We also wanted to focus activity on East London. Grand Union is based in Bethnal Green, CM in Whitechapel, most members of our Youth Orchestra and World Choir live nearby, and many of our events take place in local venues like Rich Mix, Wilton’s Music Hall and the Hackney Empire. But more importantly, because of the extraordinarily diverse demographic of the East End, this would mean that there would be people involved with a direct connection to countries and communities around the world who experience disease and how it is treated. This would give the impact of the project further authenticity.
At the first workshop (April 23rd in Graeae Theatre studios) Elizabeth introduces the project, questioning why some diseases capture public attention and funding, while others are ignored. Using statistics to illustrate her points, she leads a discussion about fashion, politics, money and other factors that influence decision-making in health. Participants then split into smaller groups to identify what diseases they think are most important, which factors distinguish them; and, if they don’t get the attention they deserve, which factors are getting in the way.
I then show, with the help of Grand Union musicians, how all music is a combination of separate elements – melody, harmony, rhythm, tempo, dynamics etc – which different forms of music combine with varying degrees of emphasis. The core of this project is to attach musical features to the statistical factors, so participants again split into smaller groups to discuss which parameters in the profile of a disease might correspond with an appropriate musical parameter, and how a musical ‘picture’ of a disease might emerge.
At the end of the day, we discuss suggestions that have arisen, which diseases it might be most instructive or fruitful to address, the most significant scientific parameters and their musical expression. Elizabeth then goes away to compile appropriate statistical data.
The next workshop (May 7th, St Margaret’s House) is < a href="http://songofcontagion.com/what-do-diseases-sound-like-first-soundings/">entirely musical. Musicians bring their instruments, or they are provided for those who don’t have one. We begin to explore the way the statistical data can be realised through music. This will be mostly improvisational, at first combining and varying the musical elements in different ways, then more rigorously applying them to the disease parameters. The third workshop (May 22nd, CM, Brady Centre) follows a similar process through music technology, transferring some of the ideas and material created acoustically and experimenting with the same ideas digitally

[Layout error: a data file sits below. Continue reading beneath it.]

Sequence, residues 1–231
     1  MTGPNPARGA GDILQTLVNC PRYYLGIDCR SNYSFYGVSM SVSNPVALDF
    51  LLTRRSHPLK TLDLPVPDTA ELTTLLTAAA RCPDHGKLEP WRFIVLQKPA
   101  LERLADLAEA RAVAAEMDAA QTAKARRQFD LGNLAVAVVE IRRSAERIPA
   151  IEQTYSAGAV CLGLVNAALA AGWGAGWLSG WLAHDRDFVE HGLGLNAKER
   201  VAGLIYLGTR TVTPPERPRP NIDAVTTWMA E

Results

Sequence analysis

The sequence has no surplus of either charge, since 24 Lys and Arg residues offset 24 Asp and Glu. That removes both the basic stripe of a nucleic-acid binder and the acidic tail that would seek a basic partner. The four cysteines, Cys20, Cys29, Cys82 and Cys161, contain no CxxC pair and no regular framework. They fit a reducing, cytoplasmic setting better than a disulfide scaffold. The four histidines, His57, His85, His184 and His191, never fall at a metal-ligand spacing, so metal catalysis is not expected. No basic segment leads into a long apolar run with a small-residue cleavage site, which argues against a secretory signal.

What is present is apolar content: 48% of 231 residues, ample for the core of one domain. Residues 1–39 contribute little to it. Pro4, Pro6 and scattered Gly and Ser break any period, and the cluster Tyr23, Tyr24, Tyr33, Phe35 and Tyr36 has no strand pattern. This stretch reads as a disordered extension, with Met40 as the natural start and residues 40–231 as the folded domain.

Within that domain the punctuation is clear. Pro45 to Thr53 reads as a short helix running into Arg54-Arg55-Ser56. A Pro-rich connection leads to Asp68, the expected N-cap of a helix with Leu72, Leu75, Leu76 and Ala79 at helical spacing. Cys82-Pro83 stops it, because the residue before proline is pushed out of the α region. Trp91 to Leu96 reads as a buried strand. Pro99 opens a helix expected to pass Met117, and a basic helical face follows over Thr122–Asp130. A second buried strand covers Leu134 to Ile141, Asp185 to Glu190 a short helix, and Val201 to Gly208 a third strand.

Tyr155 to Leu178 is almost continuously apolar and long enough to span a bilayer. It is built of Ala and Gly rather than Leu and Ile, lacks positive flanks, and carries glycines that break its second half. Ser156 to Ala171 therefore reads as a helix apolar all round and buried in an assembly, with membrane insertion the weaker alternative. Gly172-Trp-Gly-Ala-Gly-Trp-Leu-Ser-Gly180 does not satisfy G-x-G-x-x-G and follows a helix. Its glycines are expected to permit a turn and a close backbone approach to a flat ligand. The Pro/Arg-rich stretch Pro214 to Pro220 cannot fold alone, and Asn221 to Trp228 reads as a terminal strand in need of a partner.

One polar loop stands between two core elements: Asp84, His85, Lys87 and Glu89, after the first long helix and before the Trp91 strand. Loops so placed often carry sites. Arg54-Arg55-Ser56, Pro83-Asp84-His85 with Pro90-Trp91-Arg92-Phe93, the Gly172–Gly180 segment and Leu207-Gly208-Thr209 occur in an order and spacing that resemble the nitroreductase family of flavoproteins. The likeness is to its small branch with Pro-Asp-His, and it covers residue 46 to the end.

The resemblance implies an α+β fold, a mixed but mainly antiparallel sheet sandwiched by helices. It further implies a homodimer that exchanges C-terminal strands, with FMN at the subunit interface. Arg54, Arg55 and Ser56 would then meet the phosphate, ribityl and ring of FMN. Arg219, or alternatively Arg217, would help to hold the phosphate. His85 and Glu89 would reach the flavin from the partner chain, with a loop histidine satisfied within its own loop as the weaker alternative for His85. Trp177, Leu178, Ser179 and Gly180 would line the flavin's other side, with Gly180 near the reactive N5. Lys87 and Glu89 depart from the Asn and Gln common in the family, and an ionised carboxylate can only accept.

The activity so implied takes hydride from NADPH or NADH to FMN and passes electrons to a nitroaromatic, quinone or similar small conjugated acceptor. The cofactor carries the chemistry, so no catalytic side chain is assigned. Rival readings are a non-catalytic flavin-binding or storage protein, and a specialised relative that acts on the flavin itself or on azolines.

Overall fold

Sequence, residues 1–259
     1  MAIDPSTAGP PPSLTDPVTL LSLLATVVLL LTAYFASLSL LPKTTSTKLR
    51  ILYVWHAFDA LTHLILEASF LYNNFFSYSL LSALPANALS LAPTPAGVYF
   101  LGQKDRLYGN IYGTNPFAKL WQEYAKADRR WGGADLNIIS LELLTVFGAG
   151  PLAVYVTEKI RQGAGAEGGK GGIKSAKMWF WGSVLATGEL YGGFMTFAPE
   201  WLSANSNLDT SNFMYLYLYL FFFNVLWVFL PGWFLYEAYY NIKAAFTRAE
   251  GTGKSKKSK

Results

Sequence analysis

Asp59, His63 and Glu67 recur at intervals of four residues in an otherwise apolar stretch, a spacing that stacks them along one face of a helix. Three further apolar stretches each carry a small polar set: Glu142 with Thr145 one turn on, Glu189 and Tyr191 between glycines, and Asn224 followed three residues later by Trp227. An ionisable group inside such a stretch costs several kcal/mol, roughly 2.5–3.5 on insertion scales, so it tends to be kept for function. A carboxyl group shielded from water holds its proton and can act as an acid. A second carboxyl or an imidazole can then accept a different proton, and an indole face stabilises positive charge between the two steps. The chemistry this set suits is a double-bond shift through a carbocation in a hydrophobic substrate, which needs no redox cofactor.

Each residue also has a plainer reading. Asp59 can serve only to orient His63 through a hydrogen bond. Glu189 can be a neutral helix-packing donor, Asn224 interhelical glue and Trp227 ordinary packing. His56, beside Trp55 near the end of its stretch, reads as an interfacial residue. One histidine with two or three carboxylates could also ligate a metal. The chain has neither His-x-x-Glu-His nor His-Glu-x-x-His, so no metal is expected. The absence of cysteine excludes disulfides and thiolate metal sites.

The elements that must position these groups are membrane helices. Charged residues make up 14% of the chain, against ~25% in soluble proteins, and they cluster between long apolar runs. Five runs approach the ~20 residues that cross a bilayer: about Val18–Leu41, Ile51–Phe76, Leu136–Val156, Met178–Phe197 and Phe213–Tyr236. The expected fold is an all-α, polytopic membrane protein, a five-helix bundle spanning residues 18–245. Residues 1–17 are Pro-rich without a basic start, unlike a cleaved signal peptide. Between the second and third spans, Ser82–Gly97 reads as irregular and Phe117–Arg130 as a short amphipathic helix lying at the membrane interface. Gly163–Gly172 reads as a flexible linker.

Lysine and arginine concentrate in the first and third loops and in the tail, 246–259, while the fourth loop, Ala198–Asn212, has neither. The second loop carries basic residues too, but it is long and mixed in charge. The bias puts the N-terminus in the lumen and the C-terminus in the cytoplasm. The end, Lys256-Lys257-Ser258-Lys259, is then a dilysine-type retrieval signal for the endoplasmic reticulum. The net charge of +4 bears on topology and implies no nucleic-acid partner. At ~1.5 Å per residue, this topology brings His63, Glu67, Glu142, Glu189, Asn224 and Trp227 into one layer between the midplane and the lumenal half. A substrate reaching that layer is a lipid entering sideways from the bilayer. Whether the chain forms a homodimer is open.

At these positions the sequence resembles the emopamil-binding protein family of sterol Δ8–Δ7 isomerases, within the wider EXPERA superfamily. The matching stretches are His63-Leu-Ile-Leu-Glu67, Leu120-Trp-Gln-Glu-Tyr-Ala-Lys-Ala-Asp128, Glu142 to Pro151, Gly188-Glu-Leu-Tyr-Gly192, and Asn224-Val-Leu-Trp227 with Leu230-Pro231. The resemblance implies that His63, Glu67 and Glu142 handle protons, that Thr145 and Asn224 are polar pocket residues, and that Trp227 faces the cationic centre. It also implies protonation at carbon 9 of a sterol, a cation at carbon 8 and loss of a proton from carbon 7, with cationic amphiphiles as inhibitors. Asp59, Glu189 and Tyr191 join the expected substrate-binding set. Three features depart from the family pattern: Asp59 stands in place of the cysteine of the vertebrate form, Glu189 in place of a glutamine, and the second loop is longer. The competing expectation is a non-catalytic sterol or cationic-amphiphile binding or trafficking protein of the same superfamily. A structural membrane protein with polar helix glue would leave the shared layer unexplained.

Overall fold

What happens next?
Elizabeth and myself reflect on and digest all the material generated – from discussion points to musical themes – and decide how best to develop it into a coherent and gripping public performance. Grand Union and CM run a series of workshops during the autumn with the GU Youth Orchestra and World Choir and the students from CM. It is likely that some narrative material will be needed, including lyrics, to which workshop participants can contribute; and I shall write some new songs and begin to organise the material into a coherent, large-scale musical structure.
Early in 2017 a show will emerge, and we intend the performance to include also contributions from Elizabeth herself (here is a sample of her performance skills!) and the CM musicians alongside the full Grand Union Orchestra, Youth Orchestra and Choir. This – the latest in a long and impressive line of Grand Union shows – will be presented at the Hackney Empire.
Meanwhile, I shall use my Blog to report from time to time on how the project is developing, with my usual notated musical examples, video and recordings. I’ll cross-post blogs here to Song of Contagion, so do sign up for e-mail alerts.